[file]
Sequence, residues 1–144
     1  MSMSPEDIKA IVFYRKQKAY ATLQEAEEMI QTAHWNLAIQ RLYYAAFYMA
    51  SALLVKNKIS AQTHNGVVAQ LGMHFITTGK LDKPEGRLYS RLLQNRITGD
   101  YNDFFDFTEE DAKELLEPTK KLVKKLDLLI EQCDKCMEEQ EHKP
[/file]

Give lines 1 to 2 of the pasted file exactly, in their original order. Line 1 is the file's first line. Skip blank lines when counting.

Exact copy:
Sequence, residues 1–144
     1  MSMSPEDIKA IVFYRKQKAY ATLQEAEEMI QTAHWNLAIQ RLYYAAFYMA